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This paper revisits some foundational questions concerning the abstract representation of a discourse context. The context of a conversation is represented by a body of information that is presumed to be shared by the participants in the conversation – the information that the speaker presupposes a point at which a speech act is interpreted. This notion is(More)
The paper I gave at the conference has subsequently split into two papers. The other descendant of the original paper (Stanley (forthcoming)) focuses on developing a non-contextualist account of knowledge that captures the intuitive data as well as contextualism. Discussion with the participants at the conference at the University of Massachusetts was very(More)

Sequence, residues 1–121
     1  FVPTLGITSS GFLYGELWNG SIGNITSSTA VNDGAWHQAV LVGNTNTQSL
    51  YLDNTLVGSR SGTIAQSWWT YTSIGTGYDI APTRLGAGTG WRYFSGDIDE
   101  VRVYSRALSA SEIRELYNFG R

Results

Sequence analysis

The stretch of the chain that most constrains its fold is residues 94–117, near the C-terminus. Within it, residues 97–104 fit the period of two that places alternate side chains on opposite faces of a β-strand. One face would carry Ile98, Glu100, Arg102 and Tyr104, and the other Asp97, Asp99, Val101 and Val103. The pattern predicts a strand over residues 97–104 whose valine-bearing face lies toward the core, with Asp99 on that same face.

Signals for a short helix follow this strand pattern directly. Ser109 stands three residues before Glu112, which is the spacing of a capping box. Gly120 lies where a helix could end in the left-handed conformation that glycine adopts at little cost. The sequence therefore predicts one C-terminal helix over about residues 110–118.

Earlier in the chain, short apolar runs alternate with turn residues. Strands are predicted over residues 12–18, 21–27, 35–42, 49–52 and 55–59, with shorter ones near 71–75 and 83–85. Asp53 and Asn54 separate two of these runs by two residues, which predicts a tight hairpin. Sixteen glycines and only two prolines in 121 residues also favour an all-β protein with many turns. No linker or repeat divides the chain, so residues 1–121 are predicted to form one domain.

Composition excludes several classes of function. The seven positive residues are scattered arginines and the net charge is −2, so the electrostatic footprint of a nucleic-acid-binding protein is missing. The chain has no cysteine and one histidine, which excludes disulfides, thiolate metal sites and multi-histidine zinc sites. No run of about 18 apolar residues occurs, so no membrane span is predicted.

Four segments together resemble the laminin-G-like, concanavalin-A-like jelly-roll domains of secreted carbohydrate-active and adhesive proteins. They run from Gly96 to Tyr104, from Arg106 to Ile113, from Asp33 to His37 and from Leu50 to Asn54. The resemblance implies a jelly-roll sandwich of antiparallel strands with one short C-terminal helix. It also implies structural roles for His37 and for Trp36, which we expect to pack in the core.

• Seth Yalcin, Robert Stalnake, +15 authors Andrew Shea
  • 2009
The possibilities we consider or eliminate in inquiry are epistemic possibilities. This disser-tation is mainly about what it is to say or believe that something is possible in this sense. Chapter 1 ('Epistemic Contradictions') describes a new puzzle about epistemic modals and uses it to explore their logic and semantics. Chapter 2 ('Nonfactualism about(More)
My dissertation asks how we affect conversational context and how it affects us when we participate in any conversation—including philosophical conversations. Chapter 1 argues that speakers make pragmatic presuppositions when they use proper names. I appeal to these presuppositions in giving a treatment of Frege's puzzle that is consistent with the claim(More)